Thousands of farmers from Punjab, Haryana, Uttarakhand and Uttar Pradesh, on their way to the national Capital as part of their ‘Dilli Chalo’ agitation, clashed with police on Thursday.(PTI Photo)
Thousands of farmers from Punjab, Haryana, Uttarakhand and Uttar Pradesh, on their way to the national Capital as part of their ‘Dilli Chalo’ agitation, clashed with police on Thursday.(PTI Photo)

Farmers’ protest: Delhi govt says no to converting 9 stadiums into detention centers

The Delhi police had sought the state government’s nod for the same earlier in the day.
Hindustan Times, New Delhi | By hindustantimes.com | Edited by Prashasti Singh
UPDATED ON NOV 27, 2020 02:51 PM IST

The Delhi government on Friday refused permission to the police to turn nine of the city’s stadiums into temporary detention centers for the protesting farmers from Punjab and Haryana who enter the national Capital as part of their protest against the three contentious agricultural laws passed by the Centre in September.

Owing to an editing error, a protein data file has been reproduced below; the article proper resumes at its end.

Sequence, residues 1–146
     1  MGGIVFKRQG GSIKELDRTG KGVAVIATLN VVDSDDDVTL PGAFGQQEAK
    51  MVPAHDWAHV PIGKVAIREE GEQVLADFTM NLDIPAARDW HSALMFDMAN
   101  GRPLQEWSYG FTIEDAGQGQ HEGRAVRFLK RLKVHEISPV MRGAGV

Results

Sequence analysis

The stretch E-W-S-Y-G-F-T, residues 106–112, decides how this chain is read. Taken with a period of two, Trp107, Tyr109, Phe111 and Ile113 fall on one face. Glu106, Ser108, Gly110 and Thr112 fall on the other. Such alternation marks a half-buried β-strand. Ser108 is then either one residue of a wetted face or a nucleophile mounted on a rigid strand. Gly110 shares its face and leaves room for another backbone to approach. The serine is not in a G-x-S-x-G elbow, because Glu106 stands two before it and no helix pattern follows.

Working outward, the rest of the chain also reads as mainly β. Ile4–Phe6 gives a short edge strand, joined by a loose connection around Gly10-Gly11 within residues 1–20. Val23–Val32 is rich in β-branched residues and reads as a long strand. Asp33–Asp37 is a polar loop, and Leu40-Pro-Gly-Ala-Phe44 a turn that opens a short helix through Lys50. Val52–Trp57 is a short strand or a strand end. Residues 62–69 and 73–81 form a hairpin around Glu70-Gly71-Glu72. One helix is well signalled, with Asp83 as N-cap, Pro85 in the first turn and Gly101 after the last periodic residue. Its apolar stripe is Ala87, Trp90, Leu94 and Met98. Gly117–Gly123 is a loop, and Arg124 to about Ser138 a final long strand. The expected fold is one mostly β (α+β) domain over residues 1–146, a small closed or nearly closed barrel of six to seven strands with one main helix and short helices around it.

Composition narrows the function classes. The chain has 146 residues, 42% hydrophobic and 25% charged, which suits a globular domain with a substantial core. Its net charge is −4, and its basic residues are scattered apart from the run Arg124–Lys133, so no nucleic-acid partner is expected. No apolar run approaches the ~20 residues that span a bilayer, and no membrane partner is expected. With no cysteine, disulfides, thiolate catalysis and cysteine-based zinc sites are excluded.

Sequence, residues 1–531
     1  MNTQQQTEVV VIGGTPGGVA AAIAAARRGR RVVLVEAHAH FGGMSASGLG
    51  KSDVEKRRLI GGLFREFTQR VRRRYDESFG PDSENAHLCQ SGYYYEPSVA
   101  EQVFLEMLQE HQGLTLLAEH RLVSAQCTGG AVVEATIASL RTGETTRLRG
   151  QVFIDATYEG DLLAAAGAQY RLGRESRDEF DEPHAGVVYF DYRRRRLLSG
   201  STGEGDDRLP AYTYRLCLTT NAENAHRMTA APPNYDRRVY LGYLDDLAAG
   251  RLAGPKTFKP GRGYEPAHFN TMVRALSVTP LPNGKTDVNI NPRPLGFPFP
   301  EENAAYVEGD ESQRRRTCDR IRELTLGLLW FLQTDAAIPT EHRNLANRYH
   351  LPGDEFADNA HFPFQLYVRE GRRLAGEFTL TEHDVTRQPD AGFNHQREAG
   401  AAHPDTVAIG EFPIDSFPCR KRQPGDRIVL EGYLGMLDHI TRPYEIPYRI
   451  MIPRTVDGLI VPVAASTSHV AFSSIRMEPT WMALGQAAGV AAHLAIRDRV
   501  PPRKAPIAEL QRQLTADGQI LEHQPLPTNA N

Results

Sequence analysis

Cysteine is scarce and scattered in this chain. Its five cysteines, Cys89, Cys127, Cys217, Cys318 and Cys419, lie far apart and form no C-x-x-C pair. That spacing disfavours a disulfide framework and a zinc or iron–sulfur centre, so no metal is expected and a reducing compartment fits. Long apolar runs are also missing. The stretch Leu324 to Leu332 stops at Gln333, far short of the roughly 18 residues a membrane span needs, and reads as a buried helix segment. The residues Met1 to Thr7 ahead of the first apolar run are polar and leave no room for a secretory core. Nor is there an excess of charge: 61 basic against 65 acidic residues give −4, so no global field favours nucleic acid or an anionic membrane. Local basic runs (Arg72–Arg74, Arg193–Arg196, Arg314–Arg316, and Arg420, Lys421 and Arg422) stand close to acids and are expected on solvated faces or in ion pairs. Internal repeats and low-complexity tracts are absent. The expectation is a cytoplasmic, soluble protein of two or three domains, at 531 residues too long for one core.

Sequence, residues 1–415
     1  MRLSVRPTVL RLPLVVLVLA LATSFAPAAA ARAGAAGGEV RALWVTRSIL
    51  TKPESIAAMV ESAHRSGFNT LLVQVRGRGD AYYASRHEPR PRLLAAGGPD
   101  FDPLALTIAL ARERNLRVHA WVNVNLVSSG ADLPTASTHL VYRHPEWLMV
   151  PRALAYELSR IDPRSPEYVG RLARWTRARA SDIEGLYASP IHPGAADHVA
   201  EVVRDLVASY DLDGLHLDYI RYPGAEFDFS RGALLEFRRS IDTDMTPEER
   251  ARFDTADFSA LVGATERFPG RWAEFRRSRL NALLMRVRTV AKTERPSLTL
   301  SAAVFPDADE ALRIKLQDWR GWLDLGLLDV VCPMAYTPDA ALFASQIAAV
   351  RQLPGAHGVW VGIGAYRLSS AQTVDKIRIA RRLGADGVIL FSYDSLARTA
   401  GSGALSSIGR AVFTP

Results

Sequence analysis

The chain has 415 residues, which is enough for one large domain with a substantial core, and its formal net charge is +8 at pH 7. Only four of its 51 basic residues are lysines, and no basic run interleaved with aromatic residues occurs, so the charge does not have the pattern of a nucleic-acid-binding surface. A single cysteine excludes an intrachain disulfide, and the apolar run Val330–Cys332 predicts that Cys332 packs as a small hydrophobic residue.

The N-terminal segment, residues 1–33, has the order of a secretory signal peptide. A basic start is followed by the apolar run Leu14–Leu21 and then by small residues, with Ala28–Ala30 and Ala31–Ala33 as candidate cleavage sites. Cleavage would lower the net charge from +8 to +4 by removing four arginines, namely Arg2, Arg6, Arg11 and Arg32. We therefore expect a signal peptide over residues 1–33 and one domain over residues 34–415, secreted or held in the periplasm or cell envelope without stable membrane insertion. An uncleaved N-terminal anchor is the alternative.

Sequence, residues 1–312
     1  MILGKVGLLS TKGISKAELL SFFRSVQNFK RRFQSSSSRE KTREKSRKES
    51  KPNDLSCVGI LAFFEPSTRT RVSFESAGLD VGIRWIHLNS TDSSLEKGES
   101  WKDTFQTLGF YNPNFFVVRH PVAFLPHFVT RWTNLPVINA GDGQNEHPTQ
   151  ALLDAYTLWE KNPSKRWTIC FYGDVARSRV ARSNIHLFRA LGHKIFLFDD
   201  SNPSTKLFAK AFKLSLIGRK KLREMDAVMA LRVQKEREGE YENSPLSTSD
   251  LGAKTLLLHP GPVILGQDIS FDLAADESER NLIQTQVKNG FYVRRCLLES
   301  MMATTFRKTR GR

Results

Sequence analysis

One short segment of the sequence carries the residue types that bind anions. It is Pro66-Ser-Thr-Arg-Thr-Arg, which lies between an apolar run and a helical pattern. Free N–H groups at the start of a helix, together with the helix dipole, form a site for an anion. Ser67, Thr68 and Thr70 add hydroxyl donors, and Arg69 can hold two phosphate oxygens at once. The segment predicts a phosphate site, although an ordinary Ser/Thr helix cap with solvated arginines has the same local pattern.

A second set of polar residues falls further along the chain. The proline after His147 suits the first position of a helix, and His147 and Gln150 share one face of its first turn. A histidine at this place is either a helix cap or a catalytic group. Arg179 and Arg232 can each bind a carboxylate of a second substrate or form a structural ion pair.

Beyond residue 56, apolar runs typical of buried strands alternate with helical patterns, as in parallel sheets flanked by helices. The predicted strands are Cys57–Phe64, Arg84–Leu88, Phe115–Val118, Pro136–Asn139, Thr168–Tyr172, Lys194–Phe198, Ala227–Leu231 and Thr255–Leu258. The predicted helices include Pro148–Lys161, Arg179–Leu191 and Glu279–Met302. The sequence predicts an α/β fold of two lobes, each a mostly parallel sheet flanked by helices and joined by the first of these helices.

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The Delhi police had sought the state government’s nod for the same earlier in the day. “Looking at the situation at borders we think we will required such kind of place to keep the detainees. We are yet to receive a confirmation,” a senior police official said on the condition on anonymity.

Thousands of farmers from Punjab, Haryana, Uttarakhand and Uttar Pradesh, on their way to the national Capital as part of their ‘Dilli Chalo’ agitation, clashed with police on Thursday. The agitating farmers resumed their march and reached Delhi’s border on Friday morning.

Also Read: Farmers’ protest: After Singhu border, Delhi Police close Tikri border

The three laws the farmers are protesting against are -- The Farmers’ Produce Trade and Commerce (Promotion and Facilitation) Act, 2020, the Farmers (Empowerment and Protection) Agreement on Price Assurance and Farm Services Act, 2020 and the Essential Commodities (Amendment) Act 2020.

According to the farmers, these would make them vulnerable to exploitation by big corporations and weaken the government’s procurement system, as part of which the government buys staples from them, such as wheat and rice, at guaranteed prices (MSP).

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